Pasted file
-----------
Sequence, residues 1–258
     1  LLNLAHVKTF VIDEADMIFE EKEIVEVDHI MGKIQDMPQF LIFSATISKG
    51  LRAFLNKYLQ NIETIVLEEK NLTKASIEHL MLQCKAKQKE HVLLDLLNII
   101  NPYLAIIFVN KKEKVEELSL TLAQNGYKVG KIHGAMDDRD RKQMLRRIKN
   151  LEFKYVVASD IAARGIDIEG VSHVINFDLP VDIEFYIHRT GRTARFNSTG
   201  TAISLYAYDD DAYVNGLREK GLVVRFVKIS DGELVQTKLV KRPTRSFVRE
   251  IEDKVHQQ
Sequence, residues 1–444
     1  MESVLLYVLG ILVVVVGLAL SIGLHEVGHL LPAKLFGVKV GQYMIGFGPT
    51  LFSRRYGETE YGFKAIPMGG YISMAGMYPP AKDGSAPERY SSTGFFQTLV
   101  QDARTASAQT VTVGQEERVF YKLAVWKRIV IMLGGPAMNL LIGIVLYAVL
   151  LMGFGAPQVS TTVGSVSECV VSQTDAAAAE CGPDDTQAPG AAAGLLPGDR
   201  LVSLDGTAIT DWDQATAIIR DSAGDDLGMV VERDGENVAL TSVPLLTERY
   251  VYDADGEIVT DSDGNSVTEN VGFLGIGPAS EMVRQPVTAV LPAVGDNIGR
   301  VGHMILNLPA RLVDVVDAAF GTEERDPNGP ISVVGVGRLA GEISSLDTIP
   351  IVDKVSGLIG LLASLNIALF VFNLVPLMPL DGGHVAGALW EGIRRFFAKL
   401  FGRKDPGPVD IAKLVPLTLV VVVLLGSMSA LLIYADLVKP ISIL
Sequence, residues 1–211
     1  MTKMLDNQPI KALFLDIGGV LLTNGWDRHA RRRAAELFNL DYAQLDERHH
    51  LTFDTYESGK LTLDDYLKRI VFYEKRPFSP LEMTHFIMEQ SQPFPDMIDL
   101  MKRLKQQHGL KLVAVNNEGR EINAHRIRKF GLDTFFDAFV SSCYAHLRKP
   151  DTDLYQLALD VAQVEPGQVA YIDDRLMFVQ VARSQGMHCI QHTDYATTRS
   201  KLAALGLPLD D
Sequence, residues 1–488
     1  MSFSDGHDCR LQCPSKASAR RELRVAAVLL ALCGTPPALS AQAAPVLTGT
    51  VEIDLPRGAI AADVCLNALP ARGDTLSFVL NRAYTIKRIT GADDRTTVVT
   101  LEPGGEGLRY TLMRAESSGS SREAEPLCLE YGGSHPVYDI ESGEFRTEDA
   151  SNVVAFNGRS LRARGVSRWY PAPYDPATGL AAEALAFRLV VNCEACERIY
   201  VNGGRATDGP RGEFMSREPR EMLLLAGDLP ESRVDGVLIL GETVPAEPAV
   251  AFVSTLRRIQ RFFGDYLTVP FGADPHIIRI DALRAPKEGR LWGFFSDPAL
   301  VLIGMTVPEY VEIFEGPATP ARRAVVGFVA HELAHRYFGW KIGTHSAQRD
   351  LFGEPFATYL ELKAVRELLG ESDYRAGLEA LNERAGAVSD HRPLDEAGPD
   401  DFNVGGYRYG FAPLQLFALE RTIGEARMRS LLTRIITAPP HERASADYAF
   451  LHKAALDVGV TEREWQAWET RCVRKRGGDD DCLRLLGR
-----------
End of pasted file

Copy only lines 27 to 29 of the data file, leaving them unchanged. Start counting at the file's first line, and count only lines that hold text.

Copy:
   101  LEPGGEGLRY TLMRAESSGS SREAEPLCLE YGGSHPVYDI ESGEFRTEDA
   151  SNVVAFNGRS LRARGVSRWY PAPYDPATGL AAEALAFRLV VNCEACERIY
   201  VNGGRATDGP RGEFMSREPR EMLLLAGDLP ESRVDGVLIL GETVPAEPAV